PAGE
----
Limits of the Discussion.

Stuart G. Poss Stuart.Poss at USM.EDU
Fri Nov 26 08:51:51 CET 1999

Are existing methods and this discussion restricted to "morphological characters"?

I think it would be much more useful to broadly define a character as "a feature or
property that varies among taxa as defined for a given basis of comparison."  This
could be a morphological trait as it often will be for taxonomic considerations.
However, characters can be defined for a molecular, physiological, ecological, and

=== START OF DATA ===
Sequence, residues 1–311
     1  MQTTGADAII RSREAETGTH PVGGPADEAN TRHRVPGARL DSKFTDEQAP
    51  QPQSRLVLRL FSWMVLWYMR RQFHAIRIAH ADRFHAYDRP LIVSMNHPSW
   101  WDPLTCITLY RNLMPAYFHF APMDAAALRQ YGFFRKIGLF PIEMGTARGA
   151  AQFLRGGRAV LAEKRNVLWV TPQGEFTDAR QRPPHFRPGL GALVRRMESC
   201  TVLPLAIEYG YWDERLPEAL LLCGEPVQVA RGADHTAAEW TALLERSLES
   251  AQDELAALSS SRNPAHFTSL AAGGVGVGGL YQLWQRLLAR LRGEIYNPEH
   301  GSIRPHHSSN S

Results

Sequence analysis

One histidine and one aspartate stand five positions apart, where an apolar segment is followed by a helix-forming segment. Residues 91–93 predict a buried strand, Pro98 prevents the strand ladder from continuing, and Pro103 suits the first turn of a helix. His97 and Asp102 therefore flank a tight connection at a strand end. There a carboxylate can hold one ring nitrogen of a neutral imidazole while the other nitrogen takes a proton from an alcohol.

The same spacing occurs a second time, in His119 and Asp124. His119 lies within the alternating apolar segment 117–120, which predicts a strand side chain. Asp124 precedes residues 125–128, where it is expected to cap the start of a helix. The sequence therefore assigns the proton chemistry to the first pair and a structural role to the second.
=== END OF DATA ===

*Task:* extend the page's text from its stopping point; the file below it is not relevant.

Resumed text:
behavioral bases (the last perhaps less so for plants).  This would greatly broaden
the potential group of users and begin the much needed dialog among disciplines that
are not defined by the taxa themselves.  Even among morphologists and taxonomists,
there are many of us who seek to understand morphology in a variety of contexts.

How are non-morphological characters treated by contemporary methods (besides 0's
and 1's)?

"Susan B. Farmer" wrote:

> If I'm going to define a group of objects to define the morphology
> of my organisms (in my case of members of the Trilliaceae), I'll
> have a small set.

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